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[Lewis] 
Saturday May 31st 1806.
 

       Goodrich and Willard visited the indian Villages this morning and returned in the evening. Willard brought with him the dressed skin of a bear which he had purchased for Capt. C.    this skin was an uniform pale redish brown colour, the indians informed us that it was not the Hoh-host or white bear, that it was the Yâck-kâh.  [1]    this distinction of the indians induced us to make further enquiry relative to their opinions of the several speceis of bear in this country.    we produced the several skins of the bear which we had killed at this place and one very nearly white which I had purchased. The white, the deep and plale red grizzle, the dark bron grizzle, and all those which had the extremities of the hair of a white or frosty colour without regard to the colour of the ground of the poil, they designated Hoh-host and assured us that they were the same with the white bear, that they ascosiated together, were very vicisious, never climbed the trees, and had much longer nails than the others.    the black skins, those which were black with a number of intire white hairs intermixed, the black with a white breast, the uniform bey, brown and light redish brown, they designated the Yâck-kâh;—said that they climbed the trees, had short nails and were not vicious, that they could pursue them and kill them with safety, they also affirmed that they were much smaller than the white bear. I am disposed to adopt the Indian distinction with rispect to these bear and consider them two distinct speceis.    the white and the grizzly of this neighbourhood are the same of those found on the upper portion of the Missouri where the other speceis are not, and that the uniform redish brown black &c of this neighbourhood are a speceis distinct from our black bear and from the black bear of the Pacific coast which I believe to be the same with those of the Atlantic coast, and that the common black bear do not exist here. I had previously observed that the claws of some of the bear which we had killed here had much shorter tallons than the variagated or white bear usually have but supposed that they had woarn them out by scratching up roots, and these were those which the indians called Yâh-kâh.    on enquiry I found also that a cub of an uniform redish brown colour, pup to a female black bear intermixed with entire white hairs had climbed a tree. I think this a distinct speceis from the common black bear, because we never find the latter of any other colour than an uniform black, and also that the poil of this bear is much finer thicker and longer with a greater proportion of fur mixed with the hair, in other ispects they are much the same.—    This evening Joseph and R. Feilds returned with the three deer which they had killed. The Indians brought us another of our origional Stock of horses; there are only two absent now of those horses, and these the indians inform us that our shoshone guide  [2] rode back when he returned.    we have sixty five horses at this time, most of them in excellent order and fine strong active horses.—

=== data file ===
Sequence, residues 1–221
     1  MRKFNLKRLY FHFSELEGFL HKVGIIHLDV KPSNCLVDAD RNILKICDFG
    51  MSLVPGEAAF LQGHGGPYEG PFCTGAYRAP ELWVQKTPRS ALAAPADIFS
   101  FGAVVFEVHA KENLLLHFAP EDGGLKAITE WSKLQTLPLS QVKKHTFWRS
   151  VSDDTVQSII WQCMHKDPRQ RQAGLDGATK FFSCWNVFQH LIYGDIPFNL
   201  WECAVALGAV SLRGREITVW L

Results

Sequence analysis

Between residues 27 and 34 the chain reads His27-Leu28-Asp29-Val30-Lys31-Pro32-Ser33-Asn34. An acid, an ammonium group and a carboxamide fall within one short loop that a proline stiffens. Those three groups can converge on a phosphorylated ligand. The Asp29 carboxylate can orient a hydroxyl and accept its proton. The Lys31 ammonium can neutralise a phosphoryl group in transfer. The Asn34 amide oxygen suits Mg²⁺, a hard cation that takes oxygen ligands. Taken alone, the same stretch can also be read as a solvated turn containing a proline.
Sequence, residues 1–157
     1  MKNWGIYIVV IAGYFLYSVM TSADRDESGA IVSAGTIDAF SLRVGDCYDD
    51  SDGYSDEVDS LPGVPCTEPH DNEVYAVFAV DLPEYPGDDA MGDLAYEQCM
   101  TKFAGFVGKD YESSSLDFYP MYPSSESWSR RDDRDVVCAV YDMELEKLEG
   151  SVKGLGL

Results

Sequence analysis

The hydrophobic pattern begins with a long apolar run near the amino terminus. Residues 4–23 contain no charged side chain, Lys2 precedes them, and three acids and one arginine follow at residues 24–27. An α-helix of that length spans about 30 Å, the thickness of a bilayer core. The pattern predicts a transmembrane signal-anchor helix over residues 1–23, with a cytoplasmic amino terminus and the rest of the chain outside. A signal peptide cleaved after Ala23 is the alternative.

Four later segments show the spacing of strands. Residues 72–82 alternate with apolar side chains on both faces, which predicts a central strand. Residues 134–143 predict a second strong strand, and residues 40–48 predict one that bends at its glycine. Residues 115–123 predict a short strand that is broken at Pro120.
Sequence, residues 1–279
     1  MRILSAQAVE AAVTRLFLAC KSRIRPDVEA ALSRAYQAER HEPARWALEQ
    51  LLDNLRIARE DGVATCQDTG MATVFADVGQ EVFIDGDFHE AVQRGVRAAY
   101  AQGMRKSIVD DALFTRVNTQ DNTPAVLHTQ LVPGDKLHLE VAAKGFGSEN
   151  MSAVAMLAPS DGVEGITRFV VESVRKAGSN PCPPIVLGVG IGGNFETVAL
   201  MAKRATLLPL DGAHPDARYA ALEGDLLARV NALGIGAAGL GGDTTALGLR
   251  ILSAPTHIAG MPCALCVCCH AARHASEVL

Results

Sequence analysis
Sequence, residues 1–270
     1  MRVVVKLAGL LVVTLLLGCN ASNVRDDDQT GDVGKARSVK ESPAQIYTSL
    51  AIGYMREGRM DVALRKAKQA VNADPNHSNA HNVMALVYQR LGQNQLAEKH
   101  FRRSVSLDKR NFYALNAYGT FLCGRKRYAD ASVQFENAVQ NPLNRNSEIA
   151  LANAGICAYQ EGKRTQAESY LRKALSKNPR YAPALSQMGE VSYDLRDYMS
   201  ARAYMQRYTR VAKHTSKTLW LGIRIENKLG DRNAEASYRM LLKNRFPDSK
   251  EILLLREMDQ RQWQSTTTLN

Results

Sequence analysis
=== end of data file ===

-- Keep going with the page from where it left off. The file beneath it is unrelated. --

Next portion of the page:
The Indians pursued a mule deer to the river opposite to our camp this evening; the deer swam over and one of our hunters killed it.    there being a large party of indians assembled on this occasion on the opposite side, Hohâst-ill-pilp desired them to raise our canoe which was sunk on that side of the river yesterday; they made the attempt but were unable to effect it.—




[Clark] 
Saturday May 31st 1806  [3]